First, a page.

The Broken Generational Contract in Europe: Generous transfers to the elderly population, low investments in children

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Bernhard Hammer
Tanja Istenič
Lili Vargha


Based on European National Transfer Accounts data from 2010, this paper quantifies and evaluates the balance of intergenerational transfer flows in 16 EU countries, including transfers in the form of unpaid household work. On average, the value of net transfers received by a child amounts to sixteen times the labour income of a full-time worker, and the net transfers received by an elderly person to six times the labour income of a full-time worker. Intergenerational transfers can be regarded as the reciprocal exchange between two generations: the size of the transfers to the child generation determines their potential to generate income and finance public transfers to the elderly population once they enter employment. We develop and calculate an indicator to analyse if there is a balance between transfers to children and transfers expected by the elderly population. The results indicate that in most of the analysed countries the human capital investments in children are far too low to finance the generous transfers to the elderly population in the future.

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Author Biographies

Bernhard Hammer, Vienna Institute of Demography

Bernhard Hammer has been a researcher at the Vienna Institute of Demography since 2015. During his doctoral studies (2010-14) at the Technical University in Vienna he worked on National Transfer Accounts, an accounting system which measures the relationship between the age of individuals and their economic activities. His research interests focus on measuring, analysing and understanding the generational aspects of the economy, including the generational patterns of economic activity and intergenerational redistribution.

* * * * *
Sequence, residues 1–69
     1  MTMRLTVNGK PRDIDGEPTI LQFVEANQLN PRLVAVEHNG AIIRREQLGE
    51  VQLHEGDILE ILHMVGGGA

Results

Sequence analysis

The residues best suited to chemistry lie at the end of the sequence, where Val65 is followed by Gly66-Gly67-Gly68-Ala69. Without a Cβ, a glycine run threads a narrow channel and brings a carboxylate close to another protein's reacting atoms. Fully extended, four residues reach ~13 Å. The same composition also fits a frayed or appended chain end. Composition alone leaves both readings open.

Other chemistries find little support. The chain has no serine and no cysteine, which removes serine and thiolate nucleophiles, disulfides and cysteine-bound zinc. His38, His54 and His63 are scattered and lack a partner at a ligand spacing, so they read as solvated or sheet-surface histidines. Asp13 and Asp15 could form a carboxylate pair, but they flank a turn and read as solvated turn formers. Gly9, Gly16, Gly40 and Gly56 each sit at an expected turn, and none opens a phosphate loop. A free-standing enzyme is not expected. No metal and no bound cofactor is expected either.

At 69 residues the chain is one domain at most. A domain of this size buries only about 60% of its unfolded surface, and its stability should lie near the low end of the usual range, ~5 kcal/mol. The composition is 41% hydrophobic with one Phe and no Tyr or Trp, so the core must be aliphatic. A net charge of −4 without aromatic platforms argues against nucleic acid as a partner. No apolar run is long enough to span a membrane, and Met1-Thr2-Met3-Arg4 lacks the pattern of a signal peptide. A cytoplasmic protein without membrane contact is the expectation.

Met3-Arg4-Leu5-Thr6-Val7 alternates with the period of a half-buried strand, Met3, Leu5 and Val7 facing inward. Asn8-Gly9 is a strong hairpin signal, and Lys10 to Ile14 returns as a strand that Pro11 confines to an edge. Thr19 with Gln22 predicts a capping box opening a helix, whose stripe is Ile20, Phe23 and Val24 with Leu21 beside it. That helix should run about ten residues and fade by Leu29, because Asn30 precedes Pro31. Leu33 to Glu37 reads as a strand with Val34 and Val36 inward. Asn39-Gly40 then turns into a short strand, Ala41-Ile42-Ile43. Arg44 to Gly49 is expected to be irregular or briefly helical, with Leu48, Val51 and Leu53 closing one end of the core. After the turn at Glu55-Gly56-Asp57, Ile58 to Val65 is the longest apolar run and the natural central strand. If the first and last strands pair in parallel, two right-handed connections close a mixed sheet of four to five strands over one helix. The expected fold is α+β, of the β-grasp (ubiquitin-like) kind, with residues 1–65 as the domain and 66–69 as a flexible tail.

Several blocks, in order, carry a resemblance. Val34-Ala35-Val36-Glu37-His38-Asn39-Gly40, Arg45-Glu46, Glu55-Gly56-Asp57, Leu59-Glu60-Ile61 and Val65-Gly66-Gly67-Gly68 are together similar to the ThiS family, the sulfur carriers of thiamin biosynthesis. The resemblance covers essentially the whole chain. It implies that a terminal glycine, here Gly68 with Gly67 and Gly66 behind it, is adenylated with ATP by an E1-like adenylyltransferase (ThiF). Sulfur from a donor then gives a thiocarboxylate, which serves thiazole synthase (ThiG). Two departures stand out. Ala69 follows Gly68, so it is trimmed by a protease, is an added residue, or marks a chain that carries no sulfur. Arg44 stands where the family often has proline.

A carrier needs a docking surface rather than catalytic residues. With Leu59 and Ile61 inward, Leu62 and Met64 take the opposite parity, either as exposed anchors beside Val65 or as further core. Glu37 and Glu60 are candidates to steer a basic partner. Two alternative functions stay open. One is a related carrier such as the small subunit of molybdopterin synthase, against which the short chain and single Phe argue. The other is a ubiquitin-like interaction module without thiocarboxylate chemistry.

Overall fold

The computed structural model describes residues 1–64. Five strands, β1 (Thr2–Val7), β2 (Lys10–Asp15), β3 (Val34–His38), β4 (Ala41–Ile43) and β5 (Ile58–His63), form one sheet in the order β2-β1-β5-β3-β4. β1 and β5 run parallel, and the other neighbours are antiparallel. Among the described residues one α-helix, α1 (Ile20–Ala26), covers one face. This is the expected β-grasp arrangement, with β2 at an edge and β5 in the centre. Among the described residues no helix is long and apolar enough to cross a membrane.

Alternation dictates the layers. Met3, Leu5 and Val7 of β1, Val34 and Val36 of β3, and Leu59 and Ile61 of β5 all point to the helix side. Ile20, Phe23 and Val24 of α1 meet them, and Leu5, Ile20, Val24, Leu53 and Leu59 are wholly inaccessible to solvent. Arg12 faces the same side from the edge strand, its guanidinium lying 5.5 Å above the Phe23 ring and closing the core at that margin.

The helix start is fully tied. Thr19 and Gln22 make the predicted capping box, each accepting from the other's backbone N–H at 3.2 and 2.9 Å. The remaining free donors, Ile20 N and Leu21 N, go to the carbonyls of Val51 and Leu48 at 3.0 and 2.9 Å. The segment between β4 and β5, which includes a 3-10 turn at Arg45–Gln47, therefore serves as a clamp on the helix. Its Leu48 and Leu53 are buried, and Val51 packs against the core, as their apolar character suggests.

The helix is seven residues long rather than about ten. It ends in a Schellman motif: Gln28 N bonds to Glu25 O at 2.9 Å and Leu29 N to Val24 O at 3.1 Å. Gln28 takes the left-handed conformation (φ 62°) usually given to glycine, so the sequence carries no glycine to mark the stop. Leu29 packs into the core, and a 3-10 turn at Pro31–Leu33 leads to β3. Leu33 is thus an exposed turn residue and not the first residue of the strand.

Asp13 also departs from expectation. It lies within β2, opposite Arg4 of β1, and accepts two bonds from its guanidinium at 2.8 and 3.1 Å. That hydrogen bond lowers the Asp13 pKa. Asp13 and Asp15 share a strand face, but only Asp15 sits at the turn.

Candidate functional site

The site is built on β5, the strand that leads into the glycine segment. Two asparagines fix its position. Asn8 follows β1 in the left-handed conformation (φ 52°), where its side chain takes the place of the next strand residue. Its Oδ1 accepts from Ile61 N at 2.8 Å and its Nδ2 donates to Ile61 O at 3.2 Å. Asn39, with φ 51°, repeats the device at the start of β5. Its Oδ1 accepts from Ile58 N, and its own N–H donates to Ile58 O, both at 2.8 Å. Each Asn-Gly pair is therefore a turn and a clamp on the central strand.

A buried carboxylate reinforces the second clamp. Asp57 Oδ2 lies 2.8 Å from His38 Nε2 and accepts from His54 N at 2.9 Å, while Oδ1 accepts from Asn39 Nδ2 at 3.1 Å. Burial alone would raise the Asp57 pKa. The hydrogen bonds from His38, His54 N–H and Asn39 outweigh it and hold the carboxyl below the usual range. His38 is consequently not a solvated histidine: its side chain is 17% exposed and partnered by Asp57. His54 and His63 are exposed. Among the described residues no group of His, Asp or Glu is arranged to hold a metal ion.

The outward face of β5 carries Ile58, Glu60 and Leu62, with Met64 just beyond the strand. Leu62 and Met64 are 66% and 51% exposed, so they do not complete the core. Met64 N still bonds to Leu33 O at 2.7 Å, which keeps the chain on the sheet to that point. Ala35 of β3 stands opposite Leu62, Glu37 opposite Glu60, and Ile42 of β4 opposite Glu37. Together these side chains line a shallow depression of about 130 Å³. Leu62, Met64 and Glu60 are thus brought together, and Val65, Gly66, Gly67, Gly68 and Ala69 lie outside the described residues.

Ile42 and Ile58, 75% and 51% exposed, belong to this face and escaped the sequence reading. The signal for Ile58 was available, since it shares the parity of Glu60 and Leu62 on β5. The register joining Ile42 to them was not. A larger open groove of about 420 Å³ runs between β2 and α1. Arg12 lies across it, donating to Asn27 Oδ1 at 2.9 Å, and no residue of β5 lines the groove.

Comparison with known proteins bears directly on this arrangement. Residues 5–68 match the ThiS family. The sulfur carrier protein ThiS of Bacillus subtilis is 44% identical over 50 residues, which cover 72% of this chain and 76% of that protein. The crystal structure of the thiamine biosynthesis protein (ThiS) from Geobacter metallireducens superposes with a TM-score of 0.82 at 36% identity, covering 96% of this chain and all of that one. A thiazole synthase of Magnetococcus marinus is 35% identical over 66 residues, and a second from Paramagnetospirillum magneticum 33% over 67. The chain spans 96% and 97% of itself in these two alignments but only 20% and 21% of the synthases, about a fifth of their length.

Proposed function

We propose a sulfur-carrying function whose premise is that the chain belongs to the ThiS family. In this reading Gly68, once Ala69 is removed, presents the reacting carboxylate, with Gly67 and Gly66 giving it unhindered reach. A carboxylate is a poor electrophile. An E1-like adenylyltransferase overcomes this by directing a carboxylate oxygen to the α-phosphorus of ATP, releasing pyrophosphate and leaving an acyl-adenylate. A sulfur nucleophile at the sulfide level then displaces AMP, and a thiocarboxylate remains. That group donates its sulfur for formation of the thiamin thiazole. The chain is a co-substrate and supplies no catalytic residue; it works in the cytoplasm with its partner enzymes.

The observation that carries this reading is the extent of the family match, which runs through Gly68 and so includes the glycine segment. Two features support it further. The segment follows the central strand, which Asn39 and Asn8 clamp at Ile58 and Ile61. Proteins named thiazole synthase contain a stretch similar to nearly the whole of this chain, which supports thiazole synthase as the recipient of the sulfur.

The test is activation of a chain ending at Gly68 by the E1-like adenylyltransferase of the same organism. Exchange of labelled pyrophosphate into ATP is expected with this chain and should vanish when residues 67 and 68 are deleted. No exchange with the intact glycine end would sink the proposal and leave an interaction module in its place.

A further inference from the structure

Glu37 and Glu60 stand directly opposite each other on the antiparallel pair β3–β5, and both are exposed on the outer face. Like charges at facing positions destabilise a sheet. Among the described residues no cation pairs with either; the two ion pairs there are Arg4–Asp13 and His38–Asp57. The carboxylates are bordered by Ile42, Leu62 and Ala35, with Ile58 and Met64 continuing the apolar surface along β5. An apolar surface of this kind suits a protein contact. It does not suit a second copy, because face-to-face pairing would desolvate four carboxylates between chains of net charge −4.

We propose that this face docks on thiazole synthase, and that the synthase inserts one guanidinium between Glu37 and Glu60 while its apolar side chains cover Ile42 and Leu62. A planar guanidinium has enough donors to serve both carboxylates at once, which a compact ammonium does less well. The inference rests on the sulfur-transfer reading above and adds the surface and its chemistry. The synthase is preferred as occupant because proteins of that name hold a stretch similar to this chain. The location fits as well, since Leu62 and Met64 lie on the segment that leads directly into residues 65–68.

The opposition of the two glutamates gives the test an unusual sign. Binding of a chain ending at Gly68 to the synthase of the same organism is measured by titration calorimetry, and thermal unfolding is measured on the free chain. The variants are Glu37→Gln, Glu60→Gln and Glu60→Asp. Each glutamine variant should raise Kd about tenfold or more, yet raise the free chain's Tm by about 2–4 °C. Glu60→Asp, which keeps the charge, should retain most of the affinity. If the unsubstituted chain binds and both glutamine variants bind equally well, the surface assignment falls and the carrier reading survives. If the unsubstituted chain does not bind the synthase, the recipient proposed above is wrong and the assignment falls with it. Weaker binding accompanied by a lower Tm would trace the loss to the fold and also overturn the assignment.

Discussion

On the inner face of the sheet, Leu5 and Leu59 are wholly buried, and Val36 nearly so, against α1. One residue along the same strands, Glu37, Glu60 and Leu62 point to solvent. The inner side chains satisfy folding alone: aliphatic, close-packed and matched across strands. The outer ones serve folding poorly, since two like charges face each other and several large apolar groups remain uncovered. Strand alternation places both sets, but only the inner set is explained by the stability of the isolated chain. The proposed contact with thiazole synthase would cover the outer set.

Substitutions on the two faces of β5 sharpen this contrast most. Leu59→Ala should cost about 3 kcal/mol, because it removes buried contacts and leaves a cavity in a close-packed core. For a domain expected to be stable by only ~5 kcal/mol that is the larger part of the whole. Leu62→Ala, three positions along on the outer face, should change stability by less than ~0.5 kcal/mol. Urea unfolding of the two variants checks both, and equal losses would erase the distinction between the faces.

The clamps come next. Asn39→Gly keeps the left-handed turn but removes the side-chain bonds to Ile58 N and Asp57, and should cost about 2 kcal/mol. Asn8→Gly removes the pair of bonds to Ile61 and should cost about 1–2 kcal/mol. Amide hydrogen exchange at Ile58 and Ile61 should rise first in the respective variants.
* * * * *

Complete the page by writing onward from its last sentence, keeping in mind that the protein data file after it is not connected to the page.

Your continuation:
Tanja Istenič, University of Ljubljana

Tanja Istenič works as a teaching assistant at the Academic Unit for Mathematics, Statistics and Operations Research at the Faculty of Economics, University of Ljubljana. She has a PhD in Economics at the Faculty of Economics, University of Ljubljana. Her main research interests are in socio-economic effects of population ageing, intergenerational transfers, gender issues and welfare regimes.

Lili Vargha, Hungarian Demographic Research Institute; University of Pécs

Lili Vargha is a junior researcher at the Hungarian Demographic Research Institute and a PhD candidate in Demography at the Doctoral School of Demography and Sociology (Pécs, Hungary). Her main research interests are in population ageing, intergenerational transfers, human capital investments and time use.